Netflix Takes a Dive (or Two)

Netflix has recently announced the cancellation of sixteen of their TV shows. The reason given is almost maddening on its face. Series’ (like Bloodline, for example) are being dropped prematurely despite any popularity they may be experiencing.

Netflix CEO, Reed Hastings, says it’s because their “hit ration is way too high right now.” That’s like me saying, “We’re going to cancel worship because we’re getting too many people in the pews.” Our solution to that almost unimaginable dilemma would be to add another service—not cancel the one we have.

His reasoning behind that statement is to make room for the company to take more risks. I guess I understand that idea. Risk taking should be a part of the entertainment industry (or any industry for that matter). Still, there’s an old saying that seems to hold true in most situations. “If it ain’t broke, don’t fix it!” Netflix seems bound and determined to fix it anyway.

“Now I’m beginning to understand.”

Apparently, Netflix is not the only media outlet that’s involved in the cancelation craze. I’ve had a few of my faves canceled from time to time—seemingly without warning. Good, solid shows that were well written and entertaining… There didn’t seem to be any rhyme or reason to it. Now I’m beginning to understand—a little.

As much as I hate to see some good programming go down the tubes at the whim of a network exec, I have to admire what’s taking place. We, in the church, could stand to take a lesson from all this.

For the most part, the church hasn’t changed since the days of the Reformation. Just to remind you of a little history, that was five hundred years ago. I realize most of us resist change, but that’s a bit ridiculous.

It’s become a common theme among pastors these days to make statements like, “The things I used to do don’t work anymore.” So what do we do? We keep on doing the things we’ve always done. Don’t look now, but I’m pretty sure that’s the definition of insanity (doing the same old thing over and over yet expecting different results).

“The good old days are long gone.”

Still, it’s not just pastors who do the same things over and over again. Even when an innovative pastor comes along, ninety-nine times out of one hundred the congregation bucks any new trend. If part of the flock is ready for the change, there are usually at least a few who are willing and able to stand in the way of any variance to the good old days.

The problem, of course, is that the good old days are long gone. We’ve proven we can’t bring them back by doing the same old things. So what’s the solution?

I hate to say it, but the solution just may be to follow in the footsteps of Netflix. In other words, take a few risks. We might fall flat on our collective faces, but we seem to be doing that anyway. So… Does anyone have any ideas? Anyone?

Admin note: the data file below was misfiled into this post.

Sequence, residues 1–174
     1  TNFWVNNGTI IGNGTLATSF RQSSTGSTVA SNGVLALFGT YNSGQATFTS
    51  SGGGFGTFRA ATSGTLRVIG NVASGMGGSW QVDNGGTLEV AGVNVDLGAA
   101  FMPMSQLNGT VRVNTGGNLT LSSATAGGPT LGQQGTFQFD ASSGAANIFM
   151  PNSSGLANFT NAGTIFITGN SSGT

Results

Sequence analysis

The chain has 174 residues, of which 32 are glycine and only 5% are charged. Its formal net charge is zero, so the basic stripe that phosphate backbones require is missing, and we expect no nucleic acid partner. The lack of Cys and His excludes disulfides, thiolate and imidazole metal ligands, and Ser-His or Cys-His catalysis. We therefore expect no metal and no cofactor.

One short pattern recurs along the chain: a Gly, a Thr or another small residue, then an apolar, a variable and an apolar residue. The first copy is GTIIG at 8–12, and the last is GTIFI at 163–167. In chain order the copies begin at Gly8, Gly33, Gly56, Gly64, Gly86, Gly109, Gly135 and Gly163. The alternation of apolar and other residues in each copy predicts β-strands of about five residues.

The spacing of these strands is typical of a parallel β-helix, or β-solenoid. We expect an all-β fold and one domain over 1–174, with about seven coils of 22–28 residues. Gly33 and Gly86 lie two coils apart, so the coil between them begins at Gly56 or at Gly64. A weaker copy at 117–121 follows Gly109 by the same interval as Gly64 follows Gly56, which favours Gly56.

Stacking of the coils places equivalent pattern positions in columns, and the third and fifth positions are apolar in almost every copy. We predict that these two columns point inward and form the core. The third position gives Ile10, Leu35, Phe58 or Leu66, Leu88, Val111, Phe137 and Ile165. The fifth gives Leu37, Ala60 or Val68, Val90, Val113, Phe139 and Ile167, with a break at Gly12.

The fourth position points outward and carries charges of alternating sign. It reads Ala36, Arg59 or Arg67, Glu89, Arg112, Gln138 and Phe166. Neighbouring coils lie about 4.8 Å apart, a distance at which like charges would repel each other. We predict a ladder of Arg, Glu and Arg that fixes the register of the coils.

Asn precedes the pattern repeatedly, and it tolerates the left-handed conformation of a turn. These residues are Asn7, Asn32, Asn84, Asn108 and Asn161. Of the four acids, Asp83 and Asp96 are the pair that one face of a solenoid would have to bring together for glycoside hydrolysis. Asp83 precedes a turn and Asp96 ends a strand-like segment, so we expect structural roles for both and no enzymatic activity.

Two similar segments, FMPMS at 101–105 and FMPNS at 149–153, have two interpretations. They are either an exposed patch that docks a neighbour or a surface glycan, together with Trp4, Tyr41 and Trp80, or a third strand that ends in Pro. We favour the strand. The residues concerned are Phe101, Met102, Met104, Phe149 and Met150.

[Dave Zuchelli is a graduate of Pittsburgh Theological Seminary and is currently pastor of Smith Chapel in Great Falls, VA.]

Watching Chick Flix (and Maintaining My Man Card)

If you’re a man and married to a woman such as my lovely Bride, you have (at least from time to time) been coerced into watching a chick flick. I used to moan and complain when this occurred; but lately, I’ve given in with much more ease. The reason is, actually like a few of these.

Take, for instance, “You’ve Got Mail.” This innocuous, little flick has an interesting storyline and some snappy dialog. It gets tuned in at our house every time it’s aired. Don’t tell anyone, but I still get a tad teary-eyed when Joe and Kathleen finally get together.

A few others get viewed each time they’re scheduled. They are (in no particular order) “Sweet Home Alabama,” “Sleepless in Seattle,” “Raising Helen,” “When Harry Met Sally,” and “The Lake House.” I particularly like the later of these because of the sci-fi/fantasy element embedded it. Playing with time the way it does can cause one’s brain synapses to fire at odd intervals. It’s highly stimulating.

James Garner is the Best

Then, of course, there’s my fave love story of all time (aside from “The Natural”) which happens to be “The Notebook.” I’m not sure what it is about this movie, but it tears me up every time I see it. For whatever reason, however, it doesn’t seem to be broadcast with the regularity of the others (which seem to be playing on some channel at least every other day).

“The Notebook” is a fabulous story of l’amour (at least in my view). As an extra added plus, it stars James Garner who happens to be one of my all-time favorites. Ever since my childhood when he starred as Bret Maverick in the old time western TV series, “Maverick,” I’ve enjoyed almost everything he did. He was a master at taking a serious role and making me laugh in the middle of it all. Gena Rowlands does a great job as well. Still, I must admit, it’s just another chick flick.